Tell me about writing for the commercial web!
November 15, 2008 7:04 AM   Subscribe

What do I need to know about writing for the web?

I'm talking to some people who run a wonderful, small, independent web-development and design firm. They have had great success doing websites for regional and national companies and local businesses, updating image as they go with fresh design and new messaging. They do everything from toy stores and book stores to hospitals, advocacy groups, professional service firms, etc. Their business is increasing rapidly and they will probably be asking me to do some writing for them soon, on contract. They've seen my writing, which at this point is a very occasional moonlighting activity for me, in local newspapers (features, reviews) and magazines (food writing for the city mag). So they're confident I can put words together and deliver clean copy on a deadline.

However, I feel like there are some real specifics about writing for commercial web sites that I could stand to learn, and having some guiding principles going in would be really helpful.

So I'm asking a very, very open-ended question: what would you tell someone who has written for print, on mostly arts and culture topics, and for professional reasons (grant applications and museum labels and training manuals) about writing for the web on contract for a client who is trying to convey a specific image and message?

What jargon will I hear? What basic questions would I, as a content writer, need to ask at the beginning of a project?

What web resources would you direct a content writer to?

What is the range of fees for this service? How should I start the negotiations? I honestly have no idea what to offer here - print pays by the publication, usually a flat fee in a fee structure giving a range of compensation for type of article and word count. With web projects, do writers charge by the hour? By word count? By type of feature? By package? I have absolutely no idea what to ask. Of course I'm sure the range goes from 'peanuts/free' to 'sky high for the best companies,' but this company is doing very well and growing, they intend to pay, and I am a professional writer looking at this as an income source, not a hobby. So I would love some examples of fees and fee structures that web writers use for different situations and different levels. What are the industry standards?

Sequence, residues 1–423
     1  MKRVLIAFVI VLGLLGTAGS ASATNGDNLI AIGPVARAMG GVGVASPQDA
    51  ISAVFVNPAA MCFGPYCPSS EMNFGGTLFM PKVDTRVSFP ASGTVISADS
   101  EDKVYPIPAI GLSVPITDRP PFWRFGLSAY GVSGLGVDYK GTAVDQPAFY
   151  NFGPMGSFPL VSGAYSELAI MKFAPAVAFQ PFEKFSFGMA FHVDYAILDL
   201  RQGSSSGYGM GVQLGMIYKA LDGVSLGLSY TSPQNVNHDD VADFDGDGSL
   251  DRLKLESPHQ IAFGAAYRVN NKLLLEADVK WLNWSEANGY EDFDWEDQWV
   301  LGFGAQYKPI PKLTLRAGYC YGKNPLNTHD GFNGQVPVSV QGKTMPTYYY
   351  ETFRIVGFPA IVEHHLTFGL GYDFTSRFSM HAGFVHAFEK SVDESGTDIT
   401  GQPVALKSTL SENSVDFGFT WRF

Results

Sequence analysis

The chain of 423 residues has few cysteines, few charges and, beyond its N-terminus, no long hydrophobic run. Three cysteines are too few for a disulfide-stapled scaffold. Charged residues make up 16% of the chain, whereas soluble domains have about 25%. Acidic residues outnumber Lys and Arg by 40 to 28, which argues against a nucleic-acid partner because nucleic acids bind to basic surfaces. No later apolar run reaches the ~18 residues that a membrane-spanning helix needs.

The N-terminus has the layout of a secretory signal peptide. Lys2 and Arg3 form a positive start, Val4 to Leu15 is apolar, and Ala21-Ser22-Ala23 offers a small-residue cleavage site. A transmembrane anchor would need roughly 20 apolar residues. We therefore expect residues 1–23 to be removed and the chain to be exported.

What other advice do you have that I don't know enough to ask yet?

Thanks a lot. Writing/developing websites could be a really wonderful skill to add to my career bag-of-tricks, so I'm eager to be successful at it.
posted by Miko to Media & Arts (9 answers total) 21 users marked this as a favorite
 
The writers and editors at the newspaper I work for say that for the web getting to the point or heart of the story is easier. They don't have x number of inches to fill, which they might pad out with anecdotal or background stories.
posted by Brandon Blatcher at 7:21 AM on November 15, 2008


Tell them to keep it brief. People have short attention spans, and are only one click away from youtube or gmail.
posted by Afroblanco at 8:46 AM on November 15, 2008


the grand old man: Jakob Nielsen which a lot of people hate just for the sake of it but still have much better points than the naysayers
posted by flif at 9:09 AM on November 15, 2008


The standard technique taught for web writing is inverted pyramid style which your newspaper background is definitely helpful.

I would suggest taking a look at the eye tracking studies at the Poynter Institute. This site has some good advice with research here.

There are books by Reddish and others on writing for the web. I am still not sure that the inverted style is the only style. But it is the standard. I am in class now but should post more.
posted by jadepearl at 9:14 AM on November 15, 2008


I was about to add what jadepearl's linked... having written for web sites for awhile now, you have about 7 words to get your point across before the reader clicks something or abandons the page. That's the last study's finding, IIRC. I did a fellowship at the Poynter back in my reporter days, then went on to technical writing, advertising and now web site copywriting and editing, so I'm of the same background as you. Bottom line, if you don't get someone's attention within the first 7 words, forget it.